A clever, if compassionate, man, Father Morales acceded, but told the Suarez’s he would need their privacy as well as patience. Reluctantly, the Suarez’s agreed, trusting that the priest would honor the Seal of Confession, out of piety if not fear. Over the course of the next several months, Alejandra met privately with Father Morales, and during that time, he never once asked her to speak. Instead, he played dominos, poker, and Lotería with her, slowly earning her trust. Mid-way through her junior year of high school, Father Morales finally asked her if she would like to write him a letter and tell him what she could not yet say. Alejandra nodded that she would. A few weeks later, she presented him with the letter, and a week after that, she was willing to read it aloud to him.
Her silence broken, Alejandra then shared her desire to get away from her family. Concerned, but by no means a coward, Father Morales privately convinced Alejandra that education could help grant her the independence she craved. With her permission, the priest then shared Alejandra’s story and aspirations with several of his Jesuit colleagues at colleges outside the Lone Star state. One of these colleagues, a dean at Loyola University in New Orleans, offered Alejandra a full-ride scholarship. After substantial coaching from Father Morales, and many prayers, Alejandra told her family of her desire to become a doctor (but said nothing of her dream of independence from them) and the prestigious scholarship she had been offered at Loyola. The Suarez’s were less than happy, but they eventually gave their reluctant blessing, assuring her that she could come back home at any time, and assuring themselves that she would surely surely attend one of Houston’s medical schools once she completed her undergraduate. Alejandra, unsurprisingly, said nothing to either deny or confirm those assurances.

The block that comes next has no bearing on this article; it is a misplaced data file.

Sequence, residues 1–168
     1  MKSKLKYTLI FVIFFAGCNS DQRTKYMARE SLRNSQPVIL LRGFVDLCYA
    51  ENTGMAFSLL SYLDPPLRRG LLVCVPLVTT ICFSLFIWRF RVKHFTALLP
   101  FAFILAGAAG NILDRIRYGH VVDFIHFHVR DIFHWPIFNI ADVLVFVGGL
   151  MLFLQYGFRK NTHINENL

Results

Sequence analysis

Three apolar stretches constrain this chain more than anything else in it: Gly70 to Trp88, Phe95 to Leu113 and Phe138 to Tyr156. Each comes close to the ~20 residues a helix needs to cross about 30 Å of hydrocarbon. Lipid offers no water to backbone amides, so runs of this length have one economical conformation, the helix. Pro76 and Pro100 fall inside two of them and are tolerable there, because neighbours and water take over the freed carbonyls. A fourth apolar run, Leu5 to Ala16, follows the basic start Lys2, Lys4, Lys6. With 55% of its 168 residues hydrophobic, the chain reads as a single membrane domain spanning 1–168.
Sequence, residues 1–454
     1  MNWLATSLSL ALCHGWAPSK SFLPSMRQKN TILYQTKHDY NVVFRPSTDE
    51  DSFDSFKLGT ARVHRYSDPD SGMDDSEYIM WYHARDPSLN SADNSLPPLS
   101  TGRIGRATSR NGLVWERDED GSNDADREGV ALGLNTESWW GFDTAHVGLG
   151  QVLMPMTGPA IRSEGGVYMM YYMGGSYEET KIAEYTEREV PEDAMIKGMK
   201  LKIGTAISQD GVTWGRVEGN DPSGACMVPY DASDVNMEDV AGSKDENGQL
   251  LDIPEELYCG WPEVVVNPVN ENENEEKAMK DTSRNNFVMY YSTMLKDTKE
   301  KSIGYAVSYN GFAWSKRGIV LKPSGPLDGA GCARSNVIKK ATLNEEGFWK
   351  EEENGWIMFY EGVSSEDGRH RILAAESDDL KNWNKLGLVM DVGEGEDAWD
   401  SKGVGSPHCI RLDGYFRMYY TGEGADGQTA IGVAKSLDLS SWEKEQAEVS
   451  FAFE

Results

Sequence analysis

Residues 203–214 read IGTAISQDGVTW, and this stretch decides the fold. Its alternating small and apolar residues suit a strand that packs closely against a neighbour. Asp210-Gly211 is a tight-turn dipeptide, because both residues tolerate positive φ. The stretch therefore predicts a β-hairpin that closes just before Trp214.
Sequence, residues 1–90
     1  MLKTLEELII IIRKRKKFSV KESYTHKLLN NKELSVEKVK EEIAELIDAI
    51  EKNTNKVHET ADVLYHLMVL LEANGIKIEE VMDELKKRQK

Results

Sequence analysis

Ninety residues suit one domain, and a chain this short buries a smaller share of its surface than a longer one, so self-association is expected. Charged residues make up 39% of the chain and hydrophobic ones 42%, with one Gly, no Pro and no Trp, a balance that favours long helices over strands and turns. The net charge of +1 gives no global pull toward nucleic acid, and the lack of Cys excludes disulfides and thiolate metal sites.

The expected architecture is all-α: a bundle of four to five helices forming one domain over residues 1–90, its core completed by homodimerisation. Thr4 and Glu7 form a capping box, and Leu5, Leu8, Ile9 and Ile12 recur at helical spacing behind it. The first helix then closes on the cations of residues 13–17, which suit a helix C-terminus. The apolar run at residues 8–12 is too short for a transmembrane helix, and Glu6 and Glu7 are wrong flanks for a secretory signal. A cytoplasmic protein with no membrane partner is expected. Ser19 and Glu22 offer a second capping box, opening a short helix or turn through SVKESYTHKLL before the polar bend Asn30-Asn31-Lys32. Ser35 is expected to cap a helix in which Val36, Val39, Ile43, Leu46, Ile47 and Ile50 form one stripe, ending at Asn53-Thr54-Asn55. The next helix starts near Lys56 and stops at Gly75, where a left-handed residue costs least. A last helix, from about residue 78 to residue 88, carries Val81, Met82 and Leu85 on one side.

The following fall, Alejandra arrived in New Orleans, delighted by her newfound freedom, if somewhat shell-shocked by the sudden exposure to so many disparate, secular, non-Texan, non-Hispanic cultures. Loyola’s Jesuits, however, helped her weather the transition. Nevertheless, her accent, ethnicity, and choice of clothing and music drew more than a little ribbing from classmates, but Alejandra, or Alex as she became known by the local gringos, responded by more fiercely embracing those aspects of her background, earning her the half-affectionate, half-derogative sobriquet of “Tex Lex”. Academically, she did well, declaring herself a microbiology major while preparing for medical school. Pursuant to this latter goal, she transferred her sophomore year to Tulane, much to her family’s consternation, particularly as the move meant she lost her free ride. When her parents failed to persuade her to return to Houston, or at least Texas, they regularly offered to pay for her expenses. Each time, Alejandra politely declined, saying (if lying) that she liked working as a waitress and balancing the multiple responsibilities. Frequently and much to her dismay, one of her brothers would drop by her dorm or workplace. Nominally, these visits were to make sure she was safe, but she came to suspect, much to her chagrin, they had ‘other’ business in NOLA too.